An entertaining aspect of Perry’s entry has been commentary explaining Aggies (even in Texas, one says, Aggies are considered hicks;yuh think). As the t-sips describe the yell leaders and Aggies boast of National Merit scholars, true outsiders may not realize the Corps was compulsory for much of its first century. Today Perry was ably (or at least energetically) commended by a t-sipper (Plan 2) and poliltical rival. Perry’s a mensch Kinky Friedman concludes. Friedman’s style is discursive; he never edits a good one-liner. And he acknowledges that at this point he’d choose Charlie Sheen over Obama. Still the piece is affectionate and, in the end, forceful: “A still, small voice within keeps telling me that Rick Perry’s best day may yet be ahead of him, and so too, hopefully, will be America’s.” (With Kinky irony & sentiment are often paired.)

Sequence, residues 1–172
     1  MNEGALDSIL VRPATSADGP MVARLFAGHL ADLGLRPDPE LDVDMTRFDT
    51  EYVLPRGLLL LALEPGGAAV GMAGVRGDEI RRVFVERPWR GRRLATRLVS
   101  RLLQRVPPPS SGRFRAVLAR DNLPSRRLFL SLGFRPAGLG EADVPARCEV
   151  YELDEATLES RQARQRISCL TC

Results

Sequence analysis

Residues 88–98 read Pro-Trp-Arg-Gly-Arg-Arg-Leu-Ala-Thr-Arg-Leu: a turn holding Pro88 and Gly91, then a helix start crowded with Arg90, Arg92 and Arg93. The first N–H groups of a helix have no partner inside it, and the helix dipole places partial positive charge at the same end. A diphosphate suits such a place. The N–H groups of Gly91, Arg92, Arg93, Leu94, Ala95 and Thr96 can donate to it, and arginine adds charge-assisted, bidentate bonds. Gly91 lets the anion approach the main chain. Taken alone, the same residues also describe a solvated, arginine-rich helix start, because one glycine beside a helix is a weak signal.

Mark Steyn, too, is a nail that hasn’t been hammered down – he, too, argues “that there are already too damn many laws, taxes, regulations, panels, committees, and bureaucrats.” (It’s about an hour.) He, too, sometimes sacrifices coherence for humor. But, in the end, his arguments for human rights and self-reliance, the core of After America, have a steady aim. His historical context is not the southwest but northeast; he chose the granite state and citizenship. And Steyn reminds us why someone – someone who thinks and someone who is a nail too stubborn to be hammered down – would choose what we too long took for granted.